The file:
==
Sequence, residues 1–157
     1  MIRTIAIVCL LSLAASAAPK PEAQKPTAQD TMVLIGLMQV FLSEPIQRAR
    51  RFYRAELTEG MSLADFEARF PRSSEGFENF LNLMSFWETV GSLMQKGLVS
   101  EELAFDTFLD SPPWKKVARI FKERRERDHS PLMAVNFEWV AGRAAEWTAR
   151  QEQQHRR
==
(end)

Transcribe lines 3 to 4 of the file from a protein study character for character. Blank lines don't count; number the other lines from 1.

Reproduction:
    51  RFYRAELTEG MSLADFEARF PRSSEGFENF LNLMSFWETV GSLMQKGLVS
   101  EELAFDTFLD SPPWKKVARI FKERRERDHS PLMAVNFEWV AGRAAEWTAR